Elizabeth Van Houtte
Over 200,000 Canadians are diagnosed with cancer and 80,000 will die from it every year. During their lifetime, nearly 1 in 2 Canadians will be diagnosed with cancer, and 1 in 4 will die from the disease. This includes 80,700 new cases and 29,600 deaths in Ontario. Clearly, this life-threatening illness affects entire communities, especially families, friends and co-workers.
The Canadian Cancer Survivor Network (CCSN) is a national network of patients, families, survivors, friends, families, community partners and sponsors. Its mission is to work together by taking action to promote the very best standard of care, support, follow up and quality of life for patients and survivors. It aims to educate the public and policy makers about cancer survivorship and encourage research on ways to alleviate barriers to optimal cancer care in Canada.
The government of Ontario has an important role to play in making sure that everyone diagnosed with cancer has timely access to cancer care and essential medical services as well as access to emergency rooms and the treatment and medications they need. And according to a February 2018 Ipsos poll, healthcare is again the top issue during this campaign, with 40 per cent of respondents singling it out.
We invite you to respond to the following questions related to cancer care and healthcare in Ontario. Your responses will be circulated to cancer patients and survivors in Ontario and included on our website, https://survivornet.ca/act/ccsn-election-campaigns/, and posted on our social media.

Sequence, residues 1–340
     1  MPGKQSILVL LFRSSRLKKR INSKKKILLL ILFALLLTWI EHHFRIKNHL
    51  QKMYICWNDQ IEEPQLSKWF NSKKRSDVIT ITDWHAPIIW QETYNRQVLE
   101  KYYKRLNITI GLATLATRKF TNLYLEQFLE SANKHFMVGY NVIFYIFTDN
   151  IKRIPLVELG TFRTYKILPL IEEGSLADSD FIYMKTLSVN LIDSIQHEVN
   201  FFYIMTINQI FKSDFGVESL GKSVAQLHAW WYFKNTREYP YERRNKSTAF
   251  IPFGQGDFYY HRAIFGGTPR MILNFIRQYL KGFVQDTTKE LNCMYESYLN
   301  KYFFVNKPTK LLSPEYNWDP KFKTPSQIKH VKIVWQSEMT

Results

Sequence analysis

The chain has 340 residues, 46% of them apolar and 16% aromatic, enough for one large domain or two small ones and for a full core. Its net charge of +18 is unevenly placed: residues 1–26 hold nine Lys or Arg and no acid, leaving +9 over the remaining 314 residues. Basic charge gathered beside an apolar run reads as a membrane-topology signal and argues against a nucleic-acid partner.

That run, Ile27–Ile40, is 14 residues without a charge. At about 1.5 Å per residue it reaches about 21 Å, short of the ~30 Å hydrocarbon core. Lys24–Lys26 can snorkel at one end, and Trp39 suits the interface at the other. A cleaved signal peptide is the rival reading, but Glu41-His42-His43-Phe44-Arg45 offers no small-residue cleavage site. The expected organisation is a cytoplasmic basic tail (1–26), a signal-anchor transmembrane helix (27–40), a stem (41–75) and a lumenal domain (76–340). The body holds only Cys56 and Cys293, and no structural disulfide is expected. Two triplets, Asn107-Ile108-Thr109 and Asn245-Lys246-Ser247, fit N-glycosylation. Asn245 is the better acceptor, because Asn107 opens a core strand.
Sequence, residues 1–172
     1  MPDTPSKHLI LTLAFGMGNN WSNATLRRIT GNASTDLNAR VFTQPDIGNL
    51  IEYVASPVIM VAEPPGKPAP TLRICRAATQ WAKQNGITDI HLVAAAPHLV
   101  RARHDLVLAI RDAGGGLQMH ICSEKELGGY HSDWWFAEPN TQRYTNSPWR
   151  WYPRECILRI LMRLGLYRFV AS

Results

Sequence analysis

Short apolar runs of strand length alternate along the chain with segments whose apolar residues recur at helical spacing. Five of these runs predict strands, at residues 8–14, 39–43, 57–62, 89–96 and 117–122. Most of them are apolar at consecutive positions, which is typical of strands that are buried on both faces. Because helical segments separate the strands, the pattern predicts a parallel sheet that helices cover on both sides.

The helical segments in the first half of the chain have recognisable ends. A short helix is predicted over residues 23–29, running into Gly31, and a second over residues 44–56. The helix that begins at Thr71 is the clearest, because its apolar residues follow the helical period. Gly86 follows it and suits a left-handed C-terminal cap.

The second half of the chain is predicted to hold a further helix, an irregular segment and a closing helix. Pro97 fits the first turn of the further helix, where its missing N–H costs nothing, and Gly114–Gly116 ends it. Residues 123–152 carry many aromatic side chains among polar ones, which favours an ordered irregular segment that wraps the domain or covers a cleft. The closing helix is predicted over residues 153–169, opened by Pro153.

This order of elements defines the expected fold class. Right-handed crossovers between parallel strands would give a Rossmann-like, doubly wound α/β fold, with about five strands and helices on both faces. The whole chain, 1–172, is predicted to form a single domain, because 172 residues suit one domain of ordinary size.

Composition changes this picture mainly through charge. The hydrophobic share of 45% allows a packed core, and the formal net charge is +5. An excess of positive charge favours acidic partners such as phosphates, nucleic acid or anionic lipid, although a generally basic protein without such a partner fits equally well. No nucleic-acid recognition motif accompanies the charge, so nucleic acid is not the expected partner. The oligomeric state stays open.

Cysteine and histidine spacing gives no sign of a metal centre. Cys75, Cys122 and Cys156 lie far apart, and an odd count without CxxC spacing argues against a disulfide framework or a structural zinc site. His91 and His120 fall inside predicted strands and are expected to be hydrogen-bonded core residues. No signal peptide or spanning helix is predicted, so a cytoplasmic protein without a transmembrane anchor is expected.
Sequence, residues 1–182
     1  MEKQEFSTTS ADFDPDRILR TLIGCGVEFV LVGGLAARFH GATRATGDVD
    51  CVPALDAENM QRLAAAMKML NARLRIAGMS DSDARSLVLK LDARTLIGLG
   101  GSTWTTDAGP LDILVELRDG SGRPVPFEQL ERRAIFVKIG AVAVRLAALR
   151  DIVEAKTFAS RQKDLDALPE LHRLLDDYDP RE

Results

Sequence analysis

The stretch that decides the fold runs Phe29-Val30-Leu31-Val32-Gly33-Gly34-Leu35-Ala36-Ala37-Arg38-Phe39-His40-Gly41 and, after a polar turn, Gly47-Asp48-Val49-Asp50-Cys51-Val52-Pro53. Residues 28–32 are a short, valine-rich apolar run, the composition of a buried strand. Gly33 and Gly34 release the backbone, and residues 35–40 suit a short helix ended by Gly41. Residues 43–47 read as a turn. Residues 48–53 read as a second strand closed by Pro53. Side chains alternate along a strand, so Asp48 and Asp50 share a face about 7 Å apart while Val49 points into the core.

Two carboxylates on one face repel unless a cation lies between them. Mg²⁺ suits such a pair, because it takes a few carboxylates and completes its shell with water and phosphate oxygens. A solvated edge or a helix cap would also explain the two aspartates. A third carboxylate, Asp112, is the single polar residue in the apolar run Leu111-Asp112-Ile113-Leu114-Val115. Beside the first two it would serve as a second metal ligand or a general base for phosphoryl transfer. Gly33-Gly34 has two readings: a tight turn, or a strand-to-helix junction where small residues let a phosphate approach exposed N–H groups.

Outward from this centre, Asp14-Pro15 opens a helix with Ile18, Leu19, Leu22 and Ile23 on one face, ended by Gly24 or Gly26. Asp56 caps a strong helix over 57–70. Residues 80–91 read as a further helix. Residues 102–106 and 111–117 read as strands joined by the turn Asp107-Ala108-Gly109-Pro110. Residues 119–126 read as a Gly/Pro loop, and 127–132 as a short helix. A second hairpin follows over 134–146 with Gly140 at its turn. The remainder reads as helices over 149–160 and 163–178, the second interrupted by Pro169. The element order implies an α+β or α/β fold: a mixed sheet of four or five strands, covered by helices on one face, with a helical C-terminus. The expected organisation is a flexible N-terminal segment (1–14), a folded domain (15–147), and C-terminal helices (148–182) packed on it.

Question 1: Rehabilitation for cancer survivors
About 500,000 Ontarians have survived cancer for ten years or longer. But surviving cancer can leave a host of problems in its wake. Physical, emotional, and financial hardships often persist for years after diagnosis and treatment. The Auditor General’s 2017 Report states that: “Psychosocial cancer services are insufficient and inconsistent…As many as 40% of cancer patients require help from specialized professionals in addition to their medical treatment… we noted that in 2016/17, only 5.8% of patients received consultations with dietitians, and only 6.6% with social workers. More than half of the 14 regional cancer centres did not have a dedicated psychiatrist, occupational therapist, psychologist, or physiotherapist on site.”